LOUISVILLE, KY (WAVE) - Louisville is now home to the legacy of a women who is internationally known as a voice for equality.
The American Printing House for the Blind will have the largest collection of Helen Keller artifacts in the world, making the city a center for the history of disabilities.
The ability to touch, hear and feel an experience is what changes a moment into a memory for people who are visually impaired. When visitors go to the American Printing House for the Blind, people can take in the interactive history of Helen Keller a woman who helped push for equality.
Louisville gives Greg Stilson, who is visually impaired, an opportunity he said he hasn't found back home in Wisconsin ... a chance to learn about his role model.
"As blind person myself,” said Stilson. “To know and to understand her activism is really powerful. To be able to have that here in Louisville and to be able to listen to her letters and archives that are here is super impactful."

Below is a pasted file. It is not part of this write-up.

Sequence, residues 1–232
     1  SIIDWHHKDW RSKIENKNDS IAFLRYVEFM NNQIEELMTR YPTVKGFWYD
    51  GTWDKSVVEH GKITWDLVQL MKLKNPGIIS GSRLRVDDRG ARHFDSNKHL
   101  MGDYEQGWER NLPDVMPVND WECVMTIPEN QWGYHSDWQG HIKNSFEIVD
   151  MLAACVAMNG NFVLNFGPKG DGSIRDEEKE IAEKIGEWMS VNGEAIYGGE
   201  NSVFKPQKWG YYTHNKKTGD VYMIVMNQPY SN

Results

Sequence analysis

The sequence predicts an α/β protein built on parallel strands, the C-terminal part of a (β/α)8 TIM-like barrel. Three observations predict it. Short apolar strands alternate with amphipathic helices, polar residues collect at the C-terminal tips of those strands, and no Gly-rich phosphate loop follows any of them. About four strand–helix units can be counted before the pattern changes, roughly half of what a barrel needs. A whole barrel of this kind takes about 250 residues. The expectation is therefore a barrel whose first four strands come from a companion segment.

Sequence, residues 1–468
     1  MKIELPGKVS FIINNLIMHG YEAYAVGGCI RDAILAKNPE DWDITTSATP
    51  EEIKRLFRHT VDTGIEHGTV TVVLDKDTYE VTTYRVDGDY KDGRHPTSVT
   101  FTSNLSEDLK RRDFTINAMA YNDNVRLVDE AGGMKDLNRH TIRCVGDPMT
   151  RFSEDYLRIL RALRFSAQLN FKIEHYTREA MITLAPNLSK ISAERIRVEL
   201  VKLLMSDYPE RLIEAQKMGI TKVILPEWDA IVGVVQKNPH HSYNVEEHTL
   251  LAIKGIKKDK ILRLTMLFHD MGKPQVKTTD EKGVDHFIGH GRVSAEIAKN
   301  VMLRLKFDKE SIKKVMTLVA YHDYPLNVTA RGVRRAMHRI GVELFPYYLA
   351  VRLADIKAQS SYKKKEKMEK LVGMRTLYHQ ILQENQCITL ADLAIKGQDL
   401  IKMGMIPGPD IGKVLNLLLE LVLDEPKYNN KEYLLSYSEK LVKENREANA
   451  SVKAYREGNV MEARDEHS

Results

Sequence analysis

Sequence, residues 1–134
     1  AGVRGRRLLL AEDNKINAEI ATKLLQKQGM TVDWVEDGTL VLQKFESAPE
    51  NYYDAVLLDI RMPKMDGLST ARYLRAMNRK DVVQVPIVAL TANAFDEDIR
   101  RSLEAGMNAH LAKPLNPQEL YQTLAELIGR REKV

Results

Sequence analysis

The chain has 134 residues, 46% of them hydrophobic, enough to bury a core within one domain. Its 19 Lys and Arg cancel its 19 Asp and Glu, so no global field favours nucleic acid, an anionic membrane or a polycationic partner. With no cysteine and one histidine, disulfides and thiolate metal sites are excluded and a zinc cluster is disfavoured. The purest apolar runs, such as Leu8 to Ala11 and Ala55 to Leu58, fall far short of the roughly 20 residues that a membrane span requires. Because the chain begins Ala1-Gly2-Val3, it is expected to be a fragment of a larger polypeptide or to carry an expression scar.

Through feeling Keller's letters and bible, hearing her messages and taking in her spirit, the museum hopes to challenge visitors; on the way they see the world and show them how they can channel some of Keller's characteristics and overcome their own barriers.
The museum said the artifacts will be in Louisville for about ten years. Currently, only part the complete collection is in the museum on Frankfort Avenue. The rest of Keller's artifacts will be brought to Louisville after the American Printing House designs and installs a new exhibit.
Museum is open from 8:30 a.m. to 4:30 p.m. Monday through Friday, and from 10 a.m. to 3 p.m. on Saturday’s. Custom tours are available